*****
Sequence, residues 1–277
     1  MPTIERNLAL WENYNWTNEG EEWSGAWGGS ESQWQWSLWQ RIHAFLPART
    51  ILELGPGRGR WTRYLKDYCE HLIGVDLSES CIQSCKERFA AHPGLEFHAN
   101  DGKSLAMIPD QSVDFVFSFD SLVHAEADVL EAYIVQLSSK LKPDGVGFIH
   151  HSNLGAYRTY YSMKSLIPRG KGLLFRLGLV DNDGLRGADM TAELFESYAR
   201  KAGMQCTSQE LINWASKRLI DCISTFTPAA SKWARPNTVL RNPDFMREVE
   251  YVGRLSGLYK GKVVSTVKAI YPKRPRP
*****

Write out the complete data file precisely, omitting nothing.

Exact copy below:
Sequence, residues 1–277
     1  MPTIERNLAL WENYNWTNEG EEWSGAWGGS ESQWQWSLWQ RIHAFLPART
    51  ILELGPGRGR WTRYLKDYCE HLIGVDLSES CIQSCKERFA AHPGLEFHAN
   101  DGKSLAMIPD QSVDFVFSFD SLVHAEADVL EAYIVQLSSK LKPDGVGFIH
   151  HSNLGAYRTY YSMKSLIPRG KGLLFRLGLV DNDGLRGADM TAELFESYAR
   201  KAGMQCTSQE LINWASKRLI DCISTFTPAA SKWARPNTVL RNPDFMREVE
   251  YVGRLSGLYK GKVVSTVKAI YPKRPRP